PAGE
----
High Court refuses to budge on sand mining ban in Andhra Pradesh
Making it clear to the state government that it will not allow the circumvention of the direction given by the Supreme Court for protecting river beds from indiscriminate exploitation, the AP high court on Thursday refused to vacate the stay imposed on sand mining in the state.
This despite relentless efforts by the state to get the order vacated. "Just because it is uncomfortable for the state, it cannot be allowed to be diluted," the bench comprising Chief Justice Madan B Lokur and justice PV Sanjay Kumar said in its 36-page order.
As per the directive of the apex court, sand mining now requires proper assessment of environmental impact and also a prior nod from the Union forest and environment ministry. It was this directive that the HC bench declined to tinker with.
The bench, while hearing a public interest petition filed by some residents of Guntur district, had earlier stayed sand mining all over the state from April 1, 2012 and made it mandatory for the state to obtain prior permission from the court to allow sand mining on even a single hectare.
Chief Justice Lokur, who wrote the order, came down heavily on the state government for turning a blind eye to the issue, despite a serious environmental impact being caused by sand mining.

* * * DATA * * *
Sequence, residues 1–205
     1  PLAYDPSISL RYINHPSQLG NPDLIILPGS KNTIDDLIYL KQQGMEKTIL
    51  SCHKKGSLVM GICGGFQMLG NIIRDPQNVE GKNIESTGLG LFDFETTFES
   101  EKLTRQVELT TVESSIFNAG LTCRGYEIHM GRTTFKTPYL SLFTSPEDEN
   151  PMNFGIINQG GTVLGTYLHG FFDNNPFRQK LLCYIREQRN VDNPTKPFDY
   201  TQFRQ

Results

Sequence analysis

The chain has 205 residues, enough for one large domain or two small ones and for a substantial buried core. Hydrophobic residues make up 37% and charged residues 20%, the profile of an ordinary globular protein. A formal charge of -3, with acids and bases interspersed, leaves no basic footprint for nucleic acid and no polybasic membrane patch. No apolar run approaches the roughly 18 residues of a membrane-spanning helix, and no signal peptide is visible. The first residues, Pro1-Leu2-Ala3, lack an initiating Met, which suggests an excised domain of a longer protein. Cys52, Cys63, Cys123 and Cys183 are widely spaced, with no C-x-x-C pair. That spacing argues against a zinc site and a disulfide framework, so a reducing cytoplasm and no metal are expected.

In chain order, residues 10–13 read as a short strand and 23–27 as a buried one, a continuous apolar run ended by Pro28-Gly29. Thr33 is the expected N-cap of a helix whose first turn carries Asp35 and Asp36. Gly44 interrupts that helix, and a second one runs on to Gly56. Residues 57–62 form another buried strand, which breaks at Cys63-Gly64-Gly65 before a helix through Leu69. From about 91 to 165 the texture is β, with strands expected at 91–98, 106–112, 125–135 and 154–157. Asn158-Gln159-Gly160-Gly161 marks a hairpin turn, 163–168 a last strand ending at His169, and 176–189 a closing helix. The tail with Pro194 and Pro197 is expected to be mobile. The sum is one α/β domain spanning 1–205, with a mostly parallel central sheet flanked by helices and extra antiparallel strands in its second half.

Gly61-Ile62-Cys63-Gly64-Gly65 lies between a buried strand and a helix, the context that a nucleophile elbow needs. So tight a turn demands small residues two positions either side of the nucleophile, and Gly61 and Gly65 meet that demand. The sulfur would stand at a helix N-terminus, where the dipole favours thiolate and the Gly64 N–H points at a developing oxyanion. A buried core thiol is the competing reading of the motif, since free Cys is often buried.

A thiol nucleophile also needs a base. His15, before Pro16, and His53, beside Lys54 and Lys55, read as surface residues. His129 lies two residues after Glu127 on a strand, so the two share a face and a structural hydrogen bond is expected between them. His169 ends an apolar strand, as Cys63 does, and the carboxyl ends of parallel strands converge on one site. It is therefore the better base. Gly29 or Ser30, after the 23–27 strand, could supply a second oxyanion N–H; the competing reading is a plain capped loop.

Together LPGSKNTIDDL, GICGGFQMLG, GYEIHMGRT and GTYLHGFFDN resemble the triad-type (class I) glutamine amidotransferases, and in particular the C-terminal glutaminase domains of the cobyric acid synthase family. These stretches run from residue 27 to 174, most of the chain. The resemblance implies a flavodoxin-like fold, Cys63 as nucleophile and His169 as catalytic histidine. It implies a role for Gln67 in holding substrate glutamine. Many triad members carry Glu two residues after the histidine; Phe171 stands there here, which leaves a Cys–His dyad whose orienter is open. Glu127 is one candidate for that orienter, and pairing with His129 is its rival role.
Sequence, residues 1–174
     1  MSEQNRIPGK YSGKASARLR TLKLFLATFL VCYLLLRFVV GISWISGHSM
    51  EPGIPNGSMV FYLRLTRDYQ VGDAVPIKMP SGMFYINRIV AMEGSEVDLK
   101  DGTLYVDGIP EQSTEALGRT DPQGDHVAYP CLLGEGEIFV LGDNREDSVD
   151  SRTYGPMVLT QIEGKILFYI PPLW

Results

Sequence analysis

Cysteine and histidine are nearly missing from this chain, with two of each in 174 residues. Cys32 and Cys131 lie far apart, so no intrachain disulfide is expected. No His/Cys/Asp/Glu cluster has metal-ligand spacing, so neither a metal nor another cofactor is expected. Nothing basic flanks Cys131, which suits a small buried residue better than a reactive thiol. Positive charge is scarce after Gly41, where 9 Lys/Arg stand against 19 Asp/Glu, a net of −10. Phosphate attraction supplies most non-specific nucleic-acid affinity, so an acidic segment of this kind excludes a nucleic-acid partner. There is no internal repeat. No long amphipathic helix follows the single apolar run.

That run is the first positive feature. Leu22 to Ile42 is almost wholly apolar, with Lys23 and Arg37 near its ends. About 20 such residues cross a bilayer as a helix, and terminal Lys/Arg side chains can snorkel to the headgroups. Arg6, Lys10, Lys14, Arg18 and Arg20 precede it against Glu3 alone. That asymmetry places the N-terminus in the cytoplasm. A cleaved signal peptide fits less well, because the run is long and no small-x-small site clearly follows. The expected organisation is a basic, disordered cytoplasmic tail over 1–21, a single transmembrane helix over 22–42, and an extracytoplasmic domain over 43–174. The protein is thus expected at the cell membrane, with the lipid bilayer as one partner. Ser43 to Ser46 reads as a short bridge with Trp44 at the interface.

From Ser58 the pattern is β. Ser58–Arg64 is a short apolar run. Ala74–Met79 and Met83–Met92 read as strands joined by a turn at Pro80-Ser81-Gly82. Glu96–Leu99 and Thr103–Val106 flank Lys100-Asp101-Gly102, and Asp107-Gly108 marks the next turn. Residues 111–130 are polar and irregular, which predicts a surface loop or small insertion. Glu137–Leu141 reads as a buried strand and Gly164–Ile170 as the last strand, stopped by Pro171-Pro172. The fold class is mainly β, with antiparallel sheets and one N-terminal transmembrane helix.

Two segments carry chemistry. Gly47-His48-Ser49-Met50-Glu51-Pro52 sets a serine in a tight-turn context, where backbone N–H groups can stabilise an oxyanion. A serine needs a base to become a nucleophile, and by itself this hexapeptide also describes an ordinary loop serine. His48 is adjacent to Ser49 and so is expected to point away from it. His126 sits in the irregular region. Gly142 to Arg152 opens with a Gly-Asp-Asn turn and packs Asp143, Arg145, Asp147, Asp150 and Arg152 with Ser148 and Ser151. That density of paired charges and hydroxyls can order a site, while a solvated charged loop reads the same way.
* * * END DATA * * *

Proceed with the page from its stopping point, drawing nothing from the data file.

"Can we permit the degradation of the environment or the exploitation of the natural resources to such an extent where the concept of sustainable development becomes an impossibility?
"Should our future generations pay for our inaction? It is essential to ensure that there is no rampant or unregulated exploitation of natural resources" he said.
Referring to minister Galla Aruna Kumari's generosity towards one Narasimha Reddy, a sand contractor from Adilabad, the CJ said that statutory functionaries seemed to be turning a blind eye to illegal quarrying of sand instead of rigourously implementing the law.
It can be recalled that the court noticed the waiver of over Rs 1.5 crore dues awarded by the minister to the sand contractor. "It is unfortunate that such authorities (the minister in this case) are ignoring their quasi judicial obligations and shirking their responsibility," the CJ said.
The bench, in its order, further said: "We have seen in these cases that large stretches of riverbeds have been auctioned away by the state government for several years ignoring the environment impact assessment notification issued on September 14, 2006. In fact the counsel for a contractor submitted before us that some auctioned reaches extend up to about 100 hectares. We have been given absolutely no explanation for this wanton exploitation. The state in all likelihood would continue to ignore the notification and would go ahead with its attitude. Therefore, it became necessary for us to step in."
The bench called for a greater degree of transparency both in notifying reaches and about credentials of the contractors who bag such auctions. "The reports of the ground water department are extremely perfunctory and they do not suggest the impact of sand quarrying on the environment or on the bio-diversity nor would they suggest any safeguards to minimize damage," the bench said. The enormous gap between the upset price and the auctioned price of the sand reaches is also inexplicable, the bench said.